2018 Jeep Wrangler

2018 Jeep Wrangler Review

It might look similar to the outgoing model, but the new 2018 Jeep Wrangler is better in every way.
7.8 / 10
Edmunds overall rating
author
by Travis Langness
Edmunds Editor

Edmunds expert review

Redesigned for 2018, the Jeep Wrangler is more than just a dominating force off-road. Updated with refreshed styling, new engines, and a roomier and higher-quality interior, this year's Wrangler is a more practical SUV that can still go anywhere.

Jeep shoppers should note that two Wrangler models are on sale for 2018. Jeep is selling this new generation Wrangler alongside the old Wrangler. The new one might be referred to as the JL, while the old Wrangler is the JK. (These acronyms relate to Jeep's model designations for its Wranglers.) If you're shopping for 2018 Wranglers, you'll want to make sure you're aware of the difference.

The new Wrangler is now longer, wider and taller. It has the previous 3.6-liter V6 under the hood, but it can now be mated to an optional eight-speed automatic transmission that vastly improves the Wrangler's drivability. A six-speed manual is still standard. A new turbocharged 2.0-liter four-cylinder engine also debuts this year, and it adds even more appeal to the mix.

A big jump in comfort, the addition of several modern safety features, and more interior space make the 2018 Jeep Wrangler a serious competitor in the midsize SUV class. Of course, it still has unrivaled off-road prowess and aftermarket parts support, too. Overall, we're impressed with the new Wrangler. You can also read a more in-depth look about it in our Wrangler First Drive.



What's new for 2018

The Jeep Wrangler is completely redesigned for 2018. Note that this review covers the new Wrangler. The previous-generation model, the Wrangler JK, is covered separately.

We recommend

If you're looking for maximum out-of-the-box off-road capability, the Wrangler Rubicon is a no-brainer. But the base Sport trim is also very capable and very appealing, more so this year than ever before, and that's the one we'd recommend to most buyers. The optional turbocharged 2.0-liter four-cylinder engine wasn't available at the Wrangler's debut, but it proved to be worth the wait. The additional torque and increase in fuel economy will likely make it worth the extra cost.



Trim levels & features

The 2018 Jeep Wrangler is available in a pair of body styles: the two-door and four-door Unlimited. The two-door is available in Sport, Sport S and Rubicon trims, while the four-door is available in Sport, Sport S, Sahara and Rubicon trims. Both are available with a soft-top convertible or a hardtop. The Sport has a basic set of features, and the midlevel Sport S and Sahara add some convenience features. The Rubicon is the most capable off-road thanks to its special features, including shorter axle gearing and an electronically disconnecting roll bar.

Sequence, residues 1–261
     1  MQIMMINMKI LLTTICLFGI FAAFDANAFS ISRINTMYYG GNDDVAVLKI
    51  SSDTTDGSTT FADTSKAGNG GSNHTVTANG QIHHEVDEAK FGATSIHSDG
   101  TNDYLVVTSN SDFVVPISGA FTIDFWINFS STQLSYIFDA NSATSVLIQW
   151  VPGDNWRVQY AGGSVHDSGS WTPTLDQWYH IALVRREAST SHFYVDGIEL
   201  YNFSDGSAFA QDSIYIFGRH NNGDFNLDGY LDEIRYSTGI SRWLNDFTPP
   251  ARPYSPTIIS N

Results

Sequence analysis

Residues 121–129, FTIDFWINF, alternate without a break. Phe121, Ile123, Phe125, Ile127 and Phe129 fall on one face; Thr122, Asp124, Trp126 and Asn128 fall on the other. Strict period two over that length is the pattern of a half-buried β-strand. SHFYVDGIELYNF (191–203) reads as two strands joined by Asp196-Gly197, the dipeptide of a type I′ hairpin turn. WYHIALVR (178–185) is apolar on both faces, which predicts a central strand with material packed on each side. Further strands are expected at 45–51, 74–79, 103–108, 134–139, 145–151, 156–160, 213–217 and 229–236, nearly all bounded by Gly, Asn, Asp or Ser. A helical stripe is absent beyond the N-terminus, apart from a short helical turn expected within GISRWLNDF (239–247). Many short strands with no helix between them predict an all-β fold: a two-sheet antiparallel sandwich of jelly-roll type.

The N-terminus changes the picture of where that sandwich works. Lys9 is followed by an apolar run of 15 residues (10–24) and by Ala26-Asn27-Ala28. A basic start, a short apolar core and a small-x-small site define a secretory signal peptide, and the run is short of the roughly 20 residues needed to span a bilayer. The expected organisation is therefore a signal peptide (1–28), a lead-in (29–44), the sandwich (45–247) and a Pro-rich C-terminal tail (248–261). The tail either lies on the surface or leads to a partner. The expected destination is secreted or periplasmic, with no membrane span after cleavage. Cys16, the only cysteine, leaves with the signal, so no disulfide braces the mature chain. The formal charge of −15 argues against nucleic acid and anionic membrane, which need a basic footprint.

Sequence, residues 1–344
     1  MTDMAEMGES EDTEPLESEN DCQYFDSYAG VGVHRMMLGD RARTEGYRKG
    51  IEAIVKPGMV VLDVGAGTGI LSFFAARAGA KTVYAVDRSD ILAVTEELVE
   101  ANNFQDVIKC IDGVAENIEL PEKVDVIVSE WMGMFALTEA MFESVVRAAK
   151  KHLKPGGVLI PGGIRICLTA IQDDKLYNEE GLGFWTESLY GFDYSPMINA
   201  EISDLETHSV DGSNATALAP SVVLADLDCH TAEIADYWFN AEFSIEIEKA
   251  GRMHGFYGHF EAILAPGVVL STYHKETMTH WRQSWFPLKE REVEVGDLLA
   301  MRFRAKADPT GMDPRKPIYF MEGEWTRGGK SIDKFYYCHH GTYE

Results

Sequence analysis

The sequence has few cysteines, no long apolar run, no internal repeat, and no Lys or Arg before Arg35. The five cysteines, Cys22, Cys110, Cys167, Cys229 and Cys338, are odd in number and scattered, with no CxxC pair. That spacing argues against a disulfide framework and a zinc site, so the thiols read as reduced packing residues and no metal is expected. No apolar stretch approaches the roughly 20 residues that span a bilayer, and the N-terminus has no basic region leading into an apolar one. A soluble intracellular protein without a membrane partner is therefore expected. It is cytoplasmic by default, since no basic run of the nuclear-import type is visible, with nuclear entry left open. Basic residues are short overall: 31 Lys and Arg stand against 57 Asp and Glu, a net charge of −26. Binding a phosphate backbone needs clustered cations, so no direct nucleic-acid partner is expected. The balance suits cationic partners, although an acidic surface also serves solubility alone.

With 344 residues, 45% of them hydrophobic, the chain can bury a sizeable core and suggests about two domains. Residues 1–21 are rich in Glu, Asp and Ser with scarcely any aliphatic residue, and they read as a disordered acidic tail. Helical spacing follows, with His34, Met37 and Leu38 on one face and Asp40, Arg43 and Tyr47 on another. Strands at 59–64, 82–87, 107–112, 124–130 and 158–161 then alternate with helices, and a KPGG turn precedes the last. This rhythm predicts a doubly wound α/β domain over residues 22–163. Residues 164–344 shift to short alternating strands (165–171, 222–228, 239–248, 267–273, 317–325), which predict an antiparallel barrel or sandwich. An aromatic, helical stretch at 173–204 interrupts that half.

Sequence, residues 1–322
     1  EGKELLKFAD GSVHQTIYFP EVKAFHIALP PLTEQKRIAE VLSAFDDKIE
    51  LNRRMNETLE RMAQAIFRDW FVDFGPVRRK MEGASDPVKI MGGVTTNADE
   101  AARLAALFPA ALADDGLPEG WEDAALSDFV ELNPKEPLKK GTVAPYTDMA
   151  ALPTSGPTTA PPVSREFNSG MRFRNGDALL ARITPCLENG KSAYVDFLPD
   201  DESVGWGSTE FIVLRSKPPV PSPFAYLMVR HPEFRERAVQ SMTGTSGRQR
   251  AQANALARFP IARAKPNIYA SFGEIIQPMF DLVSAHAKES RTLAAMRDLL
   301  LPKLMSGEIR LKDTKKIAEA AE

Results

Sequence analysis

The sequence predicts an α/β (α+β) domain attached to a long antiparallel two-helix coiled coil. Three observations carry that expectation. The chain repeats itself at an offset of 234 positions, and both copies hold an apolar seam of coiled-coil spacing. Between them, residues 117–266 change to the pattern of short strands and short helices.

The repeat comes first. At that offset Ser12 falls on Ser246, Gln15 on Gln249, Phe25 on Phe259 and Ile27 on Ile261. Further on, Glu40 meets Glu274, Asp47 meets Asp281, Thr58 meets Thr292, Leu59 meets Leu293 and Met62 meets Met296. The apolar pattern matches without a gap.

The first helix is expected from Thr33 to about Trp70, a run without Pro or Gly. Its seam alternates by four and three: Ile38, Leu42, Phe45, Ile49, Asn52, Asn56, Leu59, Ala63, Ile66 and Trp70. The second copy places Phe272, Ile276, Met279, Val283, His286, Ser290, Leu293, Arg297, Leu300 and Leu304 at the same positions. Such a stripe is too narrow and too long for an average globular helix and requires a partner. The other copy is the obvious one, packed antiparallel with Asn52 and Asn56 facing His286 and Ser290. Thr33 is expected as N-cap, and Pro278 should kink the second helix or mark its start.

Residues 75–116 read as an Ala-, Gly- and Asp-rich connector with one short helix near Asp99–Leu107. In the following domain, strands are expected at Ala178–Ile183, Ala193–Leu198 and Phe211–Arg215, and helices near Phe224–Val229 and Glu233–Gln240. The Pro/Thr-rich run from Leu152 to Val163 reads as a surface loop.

Drawer: The 2018 Jeep Wrangler is available in a pair of body styles: the two-door and four-door Unlimited. The two-door is available in Sport, Sport S and Rubicon trims, while the four-door is available in Sport, Sport S, Sahara and Rubicon trims. Both are available with a soft-top convertible or a hardtop. The Sport has a basic set of features, and the midlevel Sport S and Sahara add some convenience features. The Rubicon is the most capable off-road thanks to its special features, including shorter axle gearing and an electronically disconnecting roll bar.

A 3.6-liter V6 (285 horsepower, 260 pound-feet of torque) is standard across the board. By default, it's paired to a six-speed manual transmission, though an eight-speed automatic is optional. A turbocharged 2.0-liter four-cylinder (270 hp, 295 lb-ft) with the mild hybrid eTorque system is available on any trim, and it's mated exclusively to an eight-speed automatic. A 3.0-liter diesel engine is on the horizon for 2019.

The Sport trim level, while somewhat basic, has much more equipment than previous Wranglers. Standard equipment includes 17-inch steel wheels, a full-size spare tire, skid plates and tow hooks. It also has foglights, keyless entry, removable full metal doors with crank windows, a fold-down windshield, manual mirrors and locks, cruise control, air conditioning (optional on the two-door Sport), a height-adjustable driver's seat (with two-way lumbar adjustment), cloth upholstery, a tilt-and-telescoping steering wheel, and a one-piece folding rear seat.

Also included on the Sport are a 5-inch Uconnect touchscreen display, Bluetooth, a rearview camera, an eight-speaker sound system with a USB port and an auxiliary audio jack. Besides its two extra doors, the Unlimited version also has a bigger gas tank, air conditioning, and a 60/40-split folding rear seat.

On top of the base Sport equipment, the Sport S adds 17-inch alloy wheels, air conditioning, automatic headlights, keyless entry, heated power mirrors, power windows and locks, an alarm, a leather-wrapped steering wheel, and sun visors with vanity mirrors.

The midlevel Sahara is only available in the four-door configuration and adds to the Sport S with 18-inch alloy wheels, painted exterior body panels and trim, automatic headlights, automatic climate control and a 115-volt outlet. It also comes with a bigger driver information display, an additional USB port, and an upgraded version of Uconnect with a 7-inch touchscreen, Android Auto and Apple CarPlay smartphone integration, and satellite radio.